Koentjaraningrat

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This is an Indonesian name; it does not have a family name.
Koentjaraningrat
Koentjaraningrat.jpg
Koentjaraningrat
Born June 15, 1923
Yogyakarta, Indonesia
Died 23 March 1999
Jakarta, Indonesia
Nationality Indonesian
Fields Anthropology

Kanjeng Pangeran Haryo Prof. Dr. Koentjaraningrat ([kʊntʃaraˈniŋrat]; 15 June 1923 – 23 March 1999) was an Indonesian anthropologist. He is sometimes referred to as "the father of Indonesian anthropology".[1]

Biography[edit]

Koentjaraningrat was born in Yogyakarta, Indonesia on 15 June 1923 to a Pakualaman family. His mother wanted him to obtain a Dutch education, so he was educated at Europeesche Lagere School, followed by Middelbare Uitgebreid Lager Onderwijs and Algemeen Middelbare School in Yogyakarta, later moving to Jakarta to continue his schooling. He became fluent in Dutch and English.[1]

During the Japanese occupation of Indonesia, Koentjaraningrat was working at the National Library of Indonesia. He was tasked with escorting books from Jakarta to Yogyakarta for safekeeping. He later enrolled at Gadjah Mada University, majoring in Indonesian literature, because the political situation did not allow him to return to Jakarta.[1]

After the Japanese withdrawal from Indonesia, Koentjaraningrat joined the 29th Brigade of the Student Forces as an English and history teacher. He was stationed in Kediri and later Mojoagung, East Java.[1]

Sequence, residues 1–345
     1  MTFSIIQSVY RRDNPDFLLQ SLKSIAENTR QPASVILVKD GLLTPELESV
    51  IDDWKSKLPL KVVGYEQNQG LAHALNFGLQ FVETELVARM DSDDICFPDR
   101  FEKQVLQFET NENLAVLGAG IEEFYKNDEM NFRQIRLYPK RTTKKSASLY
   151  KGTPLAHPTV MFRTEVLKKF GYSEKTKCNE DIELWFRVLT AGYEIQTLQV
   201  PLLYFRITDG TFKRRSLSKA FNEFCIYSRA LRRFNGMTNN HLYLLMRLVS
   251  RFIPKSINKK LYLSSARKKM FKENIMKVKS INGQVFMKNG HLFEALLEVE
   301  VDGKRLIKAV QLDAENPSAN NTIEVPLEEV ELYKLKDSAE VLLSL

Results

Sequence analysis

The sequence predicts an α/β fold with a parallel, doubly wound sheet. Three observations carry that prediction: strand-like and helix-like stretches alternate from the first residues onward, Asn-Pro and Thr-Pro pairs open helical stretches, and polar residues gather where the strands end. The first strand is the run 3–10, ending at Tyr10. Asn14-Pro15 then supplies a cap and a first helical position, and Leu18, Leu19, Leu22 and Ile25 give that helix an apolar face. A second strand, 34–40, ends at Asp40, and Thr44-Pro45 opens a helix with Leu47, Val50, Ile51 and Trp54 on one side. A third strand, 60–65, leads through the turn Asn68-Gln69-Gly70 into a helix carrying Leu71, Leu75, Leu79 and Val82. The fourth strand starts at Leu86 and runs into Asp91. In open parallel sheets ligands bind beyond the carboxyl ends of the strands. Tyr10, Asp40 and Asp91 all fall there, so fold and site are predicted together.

Koentjaraningrat moved to Jakarta after graduating from Gadjah Mada and taught at Boedi Oetomo High School. He later enrolled at the University of Indonesia to earn a doctorandus degree in Indonesian language and literature. After graduating in 1952, he stayed on to work with G. J. Held, professor of anthropology at the time.[1] Koentjaraningrat later commented, regarding his choice to enter anthropology, that it was his only chance to go to the United States.[2]

On 29 April 1954, Koentjaraningrat became engaged to Kustiani Sarwano, whom he met at the Faculty of Arts in Jakarta. That same year Koentjaraningrat received a Fulbright Scholarship and studied at Yale University in New Haven, Connecticut, United States under George Murdock. The following year, he and Kustiani were married. The ceremony took place in Jakarta, while Koentjaraningrat was in New Haven. He was represented by a kris (an Indonesian dagger). Kustiani later joined him in New Haven.[1]

At Yale, Koentjaraningrat worked to add information on Indonesia to the Human Relations Area Files. He graduated in 1956 and returned to Indonesia. His thesis, A Preliminary Description of the Javanese Kinship System, was published the following year as a Cultural Series Report by Yale's Southeast Asia Studies Program. In 1999, it was described as "still the best single account of the subject."[1]

Upon returning to Indonesia, Koentjaraningrat introduced Clyde Kluckhohn's scheme for variations in value orientation. He also enrolled at the University of Indonesia and started his doctoral studies under the supervision of Elizabeth Allard. In 1957, Koentjaraningrat established Indonesia's first anthropology department at the University of Indonesia.[2] The following year, he graduated. His dissertation was titled Beberapa Metode Anthropologi dalam Penjelidikan2 Masjarakat dan Kebudajaan di Indonesia (EYD: Beberapa Metode Anthropologi dalam Penyelidikan-penyelidikan Masyarakat dan Kebudayaan di Indonesia, (English: Various Anthropological Methods in the Study of Indonesian Society and Culture).[1]